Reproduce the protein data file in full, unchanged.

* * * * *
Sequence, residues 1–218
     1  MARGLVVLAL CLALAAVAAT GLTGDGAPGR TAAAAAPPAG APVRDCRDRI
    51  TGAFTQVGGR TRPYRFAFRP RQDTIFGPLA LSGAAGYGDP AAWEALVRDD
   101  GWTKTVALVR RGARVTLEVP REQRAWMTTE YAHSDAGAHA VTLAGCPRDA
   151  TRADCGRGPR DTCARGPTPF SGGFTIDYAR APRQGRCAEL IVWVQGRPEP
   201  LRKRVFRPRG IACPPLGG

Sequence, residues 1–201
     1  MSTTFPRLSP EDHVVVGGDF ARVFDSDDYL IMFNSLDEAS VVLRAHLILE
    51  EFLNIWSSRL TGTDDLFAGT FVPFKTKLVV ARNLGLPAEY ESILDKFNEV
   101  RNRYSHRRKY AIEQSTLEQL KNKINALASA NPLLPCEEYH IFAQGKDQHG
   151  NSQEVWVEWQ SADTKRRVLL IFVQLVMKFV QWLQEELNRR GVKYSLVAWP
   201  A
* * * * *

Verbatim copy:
Sequence, residues 1–218
     1  MARGLVVLAL CLALAAVAAT GLTGDGAPGR TAAAAAPPAG APVRDCRDRI
    51  TGAFTQVGGR TRPYRFAFRP RQDTIFGPLA LSGAAGYGDP AAWEALVRDD
   101  GWTKTVALVR RGARVTLEVP REQRAWMTTE YAHSDAGAHA VTLAGCPRDA
   151  TRADCGRGPR DTCARGPTPF SGGFTIDYAR APRQGRCAEL IVWVQGRPEP
   201  LRKRVFRPRG IACPPLGG

Sequence, residues 1–201
     1  MSTTFPRLSP EDHVVVGGDF ARVFDSDDYL IMFNSLDEAS VVLRAHLILE
    51  EFLNIWSSRL TGTDDLFAGT FVPFKTKLVV ARNLGLPAEY ESILDKFNEV
   101  RNRYSHRRKY AIEQSTLEQL KNKINALASA NPLLPCEEYH IFAQGKDQHG
   151  NSQEVWVEWQ SADTKRRVLL IFVQLVMKFV QWLQEELNRR GVKYSLVAWP
   201  A